The Biden/Harris administration publicly mentions cannabis for the first time, just to say they’re too busy to legalize
They don’t have time for cannabis reform, despite campaign promises
The federal decriminalization of cannabis has never felt closer than it does now: two separate marijuana reform bills (the SAFE Banking Act and the MORE Act) are both progressing through congress; Chuck Schumer is teasing another separate bill to federally decriminalize cannabis; House Speaker Nancy Pelosi recently called cannabis a “therapy that has proven to be successful” and the vice president, Kamala Harris, claims to have been in support of marijuana legalization since 2018.
And still, even with the chips stacked so heavily in cannabis’ favor, the prospect of federal reform seems unlikely.
Because, apparently the Biden/Harris administration is simply too busy dealing with COVID-19, and its effects to give cannabis the time of day. Despite vague promises from the campaign trail, alluding to cannabis reform and expunging prior marijuana records, both Biden and Harris now seem completely unconcerned with addressing this issue.
When asked about cannabis legalization in a recent interview, Kamala Harris replied, “Honestly, right now, we’ve been focused on getting people food, helping them stay in their apartments or in their homes, getting kids back to school, getting shots into arms. That has been all-consuming.”
It was the first time since they’ve been in office that either Biden or Harris has publicly mentioned cannabis at all. And it’s to come out and say: “we’re dealing with bigger problems, America’s stoners can wait for legal weed until we’re good and ready to give it to them.”
It’s unfortunate news for all of the current and potential medical cannabis patients living in illegal states, suffering from health issues that cannabis could treat; it’s unfortunate news for all of the businesses in legal states who still can’t safely bank their money, access federal benefits, or get tax refunds; and it’s unfortunate for the states who won’t be able to access a massive stream of tax income.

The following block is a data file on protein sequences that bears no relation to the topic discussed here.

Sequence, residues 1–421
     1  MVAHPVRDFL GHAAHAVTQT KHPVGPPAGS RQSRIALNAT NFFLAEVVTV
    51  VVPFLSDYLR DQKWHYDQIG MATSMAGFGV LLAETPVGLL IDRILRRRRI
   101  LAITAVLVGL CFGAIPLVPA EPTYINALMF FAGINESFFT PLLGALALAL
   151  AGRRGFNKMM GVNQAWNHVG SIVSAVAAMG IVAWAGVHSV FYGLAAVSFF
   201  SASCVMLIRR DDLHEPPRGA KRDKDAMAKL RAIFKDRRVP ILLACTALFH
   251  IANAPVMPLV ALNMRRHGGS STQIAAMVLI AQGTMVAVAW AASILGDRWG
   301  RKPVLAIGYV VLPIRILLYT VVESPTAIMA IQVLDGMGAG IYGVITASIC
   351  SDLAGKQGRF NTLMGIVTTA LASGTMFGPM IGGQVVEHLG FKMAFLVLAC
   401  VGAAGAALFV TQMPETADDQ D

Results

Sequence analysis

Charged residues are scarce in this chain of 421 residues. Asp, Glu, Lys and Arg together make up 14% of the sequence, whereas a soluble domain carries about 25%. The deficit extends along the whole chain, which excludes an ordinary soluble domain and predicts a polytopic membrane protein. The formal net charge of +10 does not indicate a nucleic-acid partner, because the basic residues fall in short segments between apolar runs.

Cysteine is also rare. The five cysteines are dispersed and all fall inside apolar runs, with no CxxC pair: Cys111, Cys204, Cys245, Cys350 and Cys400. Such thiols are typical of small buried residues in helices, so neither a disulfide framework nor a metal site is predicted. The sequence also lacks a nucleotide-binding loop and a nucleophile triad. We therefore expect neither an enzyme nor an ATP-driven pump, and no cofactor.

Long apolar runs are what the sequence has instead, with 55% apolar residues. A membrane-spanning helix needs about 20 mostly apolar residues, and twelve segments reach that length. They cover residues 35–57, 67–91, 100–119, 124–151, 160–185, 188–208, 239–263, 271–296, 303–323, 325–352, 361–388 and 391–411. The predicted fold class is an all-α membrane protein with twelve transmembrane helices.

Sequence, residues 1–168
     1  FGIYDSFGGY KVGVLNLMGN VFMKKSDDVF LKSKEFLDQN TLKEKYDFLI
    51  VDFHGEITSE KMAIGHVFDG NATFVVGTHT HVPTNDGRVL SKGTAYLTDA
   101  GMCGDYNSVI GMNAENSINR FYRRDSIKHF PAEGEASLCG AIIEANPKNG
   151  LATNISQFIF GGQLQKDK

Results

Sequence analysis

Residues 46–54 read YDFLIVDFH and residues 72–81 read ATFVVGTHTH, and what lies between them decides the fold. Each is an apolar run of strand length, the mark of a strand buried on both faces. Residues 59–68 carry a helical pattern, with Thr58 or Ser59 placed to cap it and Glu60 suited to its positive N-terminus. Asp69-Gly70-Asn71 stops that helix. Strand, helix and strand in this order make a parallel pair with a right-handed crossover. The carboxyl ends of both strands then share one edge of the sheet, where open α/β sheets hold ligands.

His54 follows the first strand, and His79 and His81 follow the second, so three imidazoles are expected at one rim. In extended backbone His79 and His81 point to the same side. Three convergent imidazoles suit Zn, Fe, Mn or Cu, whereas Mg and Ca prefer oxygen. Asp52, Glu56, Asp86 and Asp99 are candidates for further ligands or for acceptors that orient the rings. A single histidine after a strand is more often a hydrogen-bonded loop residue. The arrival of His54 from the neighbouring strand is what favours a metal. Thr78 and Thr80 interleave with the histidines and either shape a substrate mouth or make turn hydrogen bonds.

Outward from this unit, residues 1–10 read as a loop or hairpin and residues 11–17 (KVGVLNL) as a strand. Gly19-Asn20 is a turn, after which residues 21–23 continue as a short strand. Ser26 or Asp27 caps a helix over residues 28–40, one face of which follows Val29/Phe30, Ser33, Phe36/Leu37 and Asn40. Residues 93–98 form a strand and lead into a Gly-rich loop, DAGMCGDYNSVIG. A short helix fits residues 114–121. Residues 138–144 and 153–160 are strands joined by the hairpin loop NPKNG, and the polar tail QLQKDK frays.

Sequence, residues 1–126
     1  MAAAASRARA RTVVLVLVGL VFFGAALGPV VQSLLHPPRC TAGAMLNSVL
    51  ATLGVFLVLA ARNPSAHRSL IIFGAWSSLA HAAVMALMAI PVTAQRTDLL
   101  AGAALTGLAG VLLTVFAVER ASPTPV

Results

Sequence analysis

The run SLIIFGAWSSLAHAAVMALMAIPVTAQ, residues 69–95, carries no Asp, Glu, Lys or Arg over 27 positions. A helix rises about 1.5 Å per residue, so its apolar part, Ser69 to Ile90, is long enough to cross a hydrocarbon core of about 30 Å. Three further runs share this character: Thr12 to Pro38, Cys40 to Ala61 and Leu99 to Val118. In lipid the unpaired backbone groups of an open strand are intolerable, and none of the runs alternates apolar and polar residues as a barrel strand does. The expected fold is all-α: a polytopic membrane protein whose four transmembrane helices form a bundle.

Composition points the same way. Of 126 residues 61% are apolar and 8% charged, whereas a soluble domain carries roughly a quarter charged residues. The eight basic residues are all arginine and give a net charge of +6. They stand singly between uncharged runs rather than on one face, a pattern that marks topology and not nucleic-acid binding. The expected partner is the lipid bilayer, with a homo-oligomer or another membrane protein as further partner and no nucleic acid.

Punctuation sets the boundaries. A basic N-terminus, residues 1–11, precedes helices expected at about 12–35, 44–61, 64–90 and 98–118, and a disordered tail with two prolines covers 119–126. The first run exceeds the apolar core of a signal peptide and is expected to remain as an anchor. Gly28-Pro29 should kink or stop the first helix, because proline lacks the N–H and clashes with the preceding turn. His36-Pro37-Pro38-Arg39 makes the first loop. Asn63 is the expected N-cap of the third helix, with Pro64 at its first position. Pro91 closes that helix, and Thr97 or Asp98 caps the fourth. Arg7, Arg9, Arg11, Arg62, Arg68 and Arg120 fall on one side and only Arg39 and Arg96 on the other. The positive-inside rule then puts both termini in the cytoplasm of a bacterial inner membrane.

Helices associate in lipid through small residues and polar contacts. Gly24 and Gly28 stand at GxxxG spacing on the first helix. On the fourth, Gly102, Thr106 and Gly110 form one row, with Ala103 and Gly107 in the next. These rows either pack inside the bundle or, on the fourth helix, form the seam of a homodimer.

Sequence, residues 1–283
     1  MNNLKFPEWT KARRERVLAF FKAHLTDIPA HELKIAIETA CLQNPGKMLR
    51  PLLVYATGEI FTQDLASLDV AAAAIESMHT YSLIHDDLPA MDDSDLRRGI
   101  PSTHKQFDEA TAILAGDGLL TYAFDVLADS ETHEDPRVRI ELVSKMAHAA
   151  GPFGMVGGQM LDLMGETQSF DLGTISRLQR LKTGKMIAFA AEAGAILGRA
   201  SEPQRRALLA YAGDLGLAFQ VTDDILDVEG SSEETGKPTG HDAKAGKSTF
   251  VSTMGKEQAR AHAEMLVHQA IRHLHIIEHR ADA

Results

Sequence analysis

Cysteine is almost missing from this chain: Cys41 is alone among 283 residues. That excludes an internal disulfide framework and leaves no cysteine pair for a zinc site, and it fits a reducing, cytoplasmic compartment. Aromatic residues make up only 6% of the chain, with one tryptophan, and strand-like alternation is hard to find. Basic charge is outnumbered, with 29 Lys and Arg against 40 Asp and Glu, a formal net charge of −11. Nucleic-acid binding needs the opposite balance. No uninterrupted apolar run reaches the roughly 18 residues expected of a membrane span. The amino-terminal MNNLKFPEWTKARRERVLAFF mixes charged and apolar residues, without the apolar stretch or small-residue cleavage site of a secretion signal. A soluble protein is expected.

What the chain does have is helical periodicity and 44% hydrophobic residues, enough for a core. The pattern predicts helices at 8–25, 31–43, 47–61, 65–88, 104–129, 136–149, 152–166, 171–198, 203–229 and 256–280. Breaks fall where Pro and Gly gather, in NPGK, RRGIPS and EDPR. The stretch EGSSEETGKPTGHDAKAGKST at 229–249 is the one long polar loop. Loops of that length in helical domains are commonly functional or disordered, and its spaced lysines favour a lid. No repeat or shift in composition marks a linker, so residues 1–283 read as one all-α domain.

And yeah, it’s unfortunate for recreational users, too. Just because someone doesn’t have a reason to smoke weed, doesn’t mean they shouldn’t have access to it.
The Biden/Harris administration has a very seize-able opportunity here. The simple federal legalization (or even decriminalization) of cannabis would win over the hearts of Americans on both sides of the aisle; it would be one campaign promise that Harris could check off her list; it would help thousands of suffering patients, and make business exponentially easier to conduct for cannabis companies across the country. There is literally no downside to passing some kind of reform legislation — and all it would take is a flourish of Biden’s presidential pen. It’s so close.
And yet, it’s apparently still out of grasp. Or, at least, so far on the backburner no one can reach it.